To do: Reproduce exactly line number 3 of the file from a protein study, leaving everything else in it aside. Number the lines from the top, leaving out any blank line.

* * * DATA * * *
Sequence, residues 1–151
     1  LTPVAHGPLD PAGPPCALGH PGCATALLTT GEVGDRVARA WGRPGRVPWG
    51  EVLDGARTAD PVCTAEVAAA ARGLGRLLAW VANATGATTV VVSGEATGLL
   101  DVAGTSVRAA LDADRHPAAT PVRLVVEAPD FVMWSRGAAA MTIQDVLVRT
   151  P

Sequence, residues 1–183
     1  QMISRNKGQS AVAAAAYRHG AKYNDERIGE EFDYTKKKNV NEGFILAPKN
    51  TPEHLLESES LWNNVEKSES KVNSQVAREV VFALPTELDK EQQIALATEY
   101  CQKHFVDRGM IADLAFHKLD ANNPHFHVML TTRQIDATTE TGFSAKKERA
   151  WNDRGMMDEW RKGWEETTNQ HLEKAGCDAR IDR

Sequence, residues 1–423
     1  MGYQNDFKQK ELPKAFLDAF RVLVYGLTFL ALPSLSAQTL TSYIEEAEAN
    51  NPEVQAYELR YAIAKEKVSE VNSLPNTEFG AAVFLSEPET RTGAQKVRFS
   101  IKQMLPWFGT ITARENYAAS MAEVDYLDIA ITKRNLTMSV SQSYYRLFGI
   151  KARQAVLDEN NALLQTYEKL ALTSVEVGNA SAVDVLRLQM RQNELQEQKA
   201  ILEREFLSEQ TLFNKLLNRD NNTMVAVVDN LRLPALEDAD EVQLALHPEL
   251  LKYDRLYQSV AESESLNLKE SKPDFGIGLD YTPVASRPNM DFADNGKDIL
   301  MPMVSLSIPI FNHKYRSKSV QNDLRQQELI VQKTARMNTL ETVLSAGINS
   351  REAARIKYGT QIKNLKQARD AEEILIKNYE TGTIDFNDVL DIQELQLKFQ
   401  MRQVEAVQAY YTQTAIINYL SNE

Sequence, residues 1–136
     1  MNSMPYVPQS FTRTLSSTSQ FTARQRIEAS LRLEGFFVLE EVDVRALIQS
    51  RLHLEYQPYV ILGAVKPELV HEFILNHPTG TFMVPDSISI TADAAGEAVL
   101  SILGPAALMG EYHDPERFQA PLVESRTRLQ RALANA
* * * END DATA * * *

    51  EVLDGARTAD PVCTAEVAAA ARGLGRLLAW VANATGATTV VVSGEATGLL